Michigan's filmmaking tax incentive program, the most generous in the nation, rebates up to 42 percent of a production company's cost. This translates to tens of millions of dollars to movie companies in an attempt to create a larger filmmaking industry in the economically troubled state.
However, a recent analysis by the Mackinac Center for Public Policy points out that despite state giving away $117 million in subsidies over two years, there are nearly 10 percent fewer industry jobs.
Officials in the state film office were quick to counter the Mackinac claim:
- They noted that the analysis failed to account for seasonal fluctuations in film industry employment, and for the fact that many industry employees are independent contractors not counted by the state Bureau of Labor Statistics.
- However, the state office has failed to produce any hard data that would allow the public -- or state lawmakers, for that matter -- to determine how well the film subsidies are working.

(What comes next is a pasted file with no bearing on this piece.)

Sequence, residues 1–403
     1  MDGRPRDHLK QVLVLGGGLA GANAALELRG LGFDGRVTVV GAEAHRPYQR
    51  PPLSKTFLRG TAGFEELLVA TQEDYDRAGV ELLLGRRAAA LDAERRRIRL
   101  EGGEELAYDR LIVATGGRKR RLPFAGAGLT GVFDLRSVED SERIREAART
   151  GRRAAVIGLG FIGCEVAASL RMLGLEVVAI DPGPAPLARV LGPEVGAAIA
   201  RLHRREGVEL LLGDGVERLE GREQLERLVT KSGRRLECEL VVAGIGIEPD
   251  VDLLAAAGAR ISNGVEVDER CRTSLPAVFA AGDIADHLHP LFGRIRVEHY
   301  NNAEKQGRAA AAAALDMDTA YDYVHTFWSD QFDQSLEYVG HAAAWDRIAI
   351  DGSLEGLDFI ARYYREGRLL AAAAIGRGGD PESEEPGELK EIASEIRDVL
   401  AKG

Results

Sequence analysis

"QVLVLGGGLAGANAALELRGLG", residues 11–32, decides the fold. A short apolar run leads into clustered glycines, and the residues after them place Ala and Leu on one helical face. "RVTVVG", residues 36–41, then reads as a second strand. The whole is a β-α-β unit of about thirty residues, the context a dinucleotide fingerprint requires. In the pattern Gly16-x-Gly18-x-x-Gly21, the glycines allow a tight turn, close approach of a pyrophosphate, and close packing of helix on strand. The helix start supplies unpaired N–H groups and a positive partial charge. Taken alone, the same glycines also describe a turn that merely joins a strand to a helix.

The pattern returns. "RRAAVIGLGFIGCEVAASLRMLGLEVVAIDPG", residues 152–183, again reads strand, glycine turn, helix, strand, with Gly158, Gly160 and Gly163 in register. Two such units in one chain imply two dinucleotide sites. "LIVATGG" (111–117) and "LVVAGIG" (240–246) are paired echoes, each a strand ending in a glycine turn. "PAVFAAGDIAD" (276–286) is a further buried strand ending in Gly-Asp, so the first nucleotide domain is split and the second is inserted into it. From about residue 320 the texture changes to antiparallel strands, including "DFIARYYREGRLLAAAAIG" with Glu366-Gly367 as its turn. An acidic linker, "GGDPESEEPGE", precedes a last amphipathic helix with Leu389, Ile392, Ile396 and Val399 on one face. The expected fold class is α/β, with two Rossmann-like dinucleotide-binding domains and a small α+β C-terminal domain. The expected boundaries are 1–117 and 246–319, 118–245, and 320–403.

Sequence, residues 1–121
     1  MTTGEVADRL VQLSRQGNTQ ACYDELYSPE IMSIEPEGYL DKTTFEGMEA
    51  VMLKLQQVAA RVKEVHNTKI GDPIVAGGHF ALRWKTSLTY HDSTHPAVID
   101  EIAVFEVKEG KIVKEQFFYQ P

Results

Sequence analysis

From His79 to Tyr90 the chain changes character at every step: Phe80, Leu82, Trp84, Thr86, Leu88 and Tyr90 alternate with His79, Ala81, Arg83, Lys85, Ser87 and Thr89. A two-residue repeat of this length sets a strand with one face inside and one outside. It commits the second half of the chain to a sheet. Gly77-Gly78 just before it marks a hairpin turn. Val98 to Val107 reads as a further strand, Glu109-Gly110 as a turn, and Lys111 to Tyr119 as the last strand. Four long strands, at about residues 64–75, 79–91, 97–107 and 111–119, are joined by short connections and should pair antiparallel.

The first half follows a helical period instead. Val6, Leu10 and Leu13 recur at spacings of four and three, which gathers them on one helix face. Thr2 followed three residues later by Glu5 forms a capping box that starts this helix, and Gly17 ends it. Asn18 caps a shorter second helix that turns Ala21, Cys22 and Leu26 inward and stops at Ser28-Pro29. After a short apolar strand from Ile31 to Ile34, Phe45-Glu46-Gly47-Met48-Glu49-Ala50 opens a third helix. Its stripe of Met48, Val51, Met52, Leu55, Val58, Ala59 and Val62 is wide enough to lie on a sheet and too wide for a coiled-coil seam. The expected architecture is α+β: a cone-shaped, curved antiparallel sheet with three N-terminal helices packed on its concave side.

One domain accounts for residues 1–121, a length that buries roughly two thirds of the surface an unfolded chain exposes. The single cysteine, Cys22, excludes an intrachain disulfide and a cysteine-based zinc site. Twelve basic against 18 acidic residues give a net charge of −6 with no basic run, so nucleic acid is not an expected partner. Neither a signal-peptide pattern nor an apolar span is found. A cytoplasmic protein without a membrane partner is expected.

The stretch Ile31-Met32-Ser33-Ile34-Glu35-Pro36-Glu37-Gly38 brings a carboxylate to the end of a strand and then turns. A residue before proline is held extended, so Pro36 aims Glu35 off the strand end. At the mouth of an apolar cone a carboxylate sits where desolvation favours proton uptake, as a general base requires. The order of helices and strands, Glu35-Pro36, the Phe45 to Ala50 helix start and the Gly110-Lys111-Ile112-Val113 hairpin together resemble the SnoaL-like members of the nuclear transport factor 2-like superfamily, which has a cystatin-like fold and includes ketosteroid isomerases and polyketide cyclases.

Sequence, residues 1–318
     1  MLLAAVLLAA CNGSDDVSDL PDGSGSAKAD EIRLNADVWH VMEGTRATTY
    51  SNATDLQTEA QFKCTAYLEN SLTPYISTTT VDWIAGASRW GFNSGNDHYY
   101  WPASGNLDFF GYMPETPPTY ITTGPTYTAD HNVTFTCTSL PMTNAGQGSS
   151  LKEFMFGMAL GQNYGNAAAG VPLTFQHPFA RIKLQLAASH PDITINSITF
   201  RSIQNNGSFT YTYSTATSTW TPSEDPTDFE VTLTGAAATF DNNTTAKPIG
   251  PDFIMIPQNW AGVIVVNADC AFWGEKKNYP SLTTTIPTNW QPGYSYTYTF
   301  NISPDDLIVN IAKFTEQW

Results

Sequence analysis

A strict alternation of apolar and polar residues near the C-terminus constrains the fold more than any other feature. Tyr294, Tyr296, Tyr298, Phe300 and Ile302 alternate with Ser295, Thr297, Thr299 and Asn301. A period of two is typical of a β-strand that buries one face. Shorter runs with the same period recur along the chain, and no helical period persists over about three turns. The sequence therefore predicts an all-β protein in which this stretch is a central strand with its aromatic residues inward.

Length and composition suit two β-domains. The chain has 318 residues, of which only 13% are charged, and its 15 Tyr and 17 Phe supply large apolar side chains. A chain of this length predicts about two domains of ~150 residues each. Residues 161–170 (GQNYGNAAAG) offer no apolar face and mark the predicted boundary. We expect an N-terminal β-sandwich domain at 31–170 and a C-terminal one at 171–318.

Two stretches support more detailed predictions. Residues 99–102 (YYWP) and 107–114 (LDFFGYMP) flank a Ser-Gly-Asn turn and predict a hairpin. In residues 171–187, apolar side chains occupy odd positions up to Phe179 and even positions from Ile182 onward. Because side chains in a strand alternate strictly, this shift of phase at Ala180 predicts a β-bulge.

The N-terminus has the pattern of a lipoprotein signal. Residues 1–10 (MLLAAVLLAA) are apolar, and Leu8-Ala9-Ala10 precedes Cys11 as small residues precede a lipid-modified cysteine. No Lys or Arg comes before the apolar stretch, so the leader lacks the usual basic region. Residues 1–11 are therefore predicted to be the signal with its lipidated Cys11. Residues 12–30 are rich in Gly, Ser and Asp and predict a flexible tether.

- That is because it does not have to; carefully crafted legislation exempts the film credit subsidies from even cursory disclosures of how taxpayer dollars are spent.
- While state officials brag about apparent successes of individual film productions, they steadfastly withhold the type of information needed to fully evaluate the program.
What's lacking is any clear reporting of the applications for the film credit, how the money was spent, and what share of Michigan tax dollars ended up in the pockets of actors, producers and directors who are leaving the state, says Mackinac.
In the bigger picture, is it good business for tax dollars to cover 40 percent of a company's costs? What business wouldn't prosper if fellow taxpayers agreed to cover 40 percent of its costs?
Source: Editorial, "Mystery around movie money is a dismal picture," Livingston Daily, April 27, 2010.
For Mackinac report: http://www.mackinac.org/12553
For more on Taxes: http://www.ncpa.org/sub/dpd/?Article_Category=20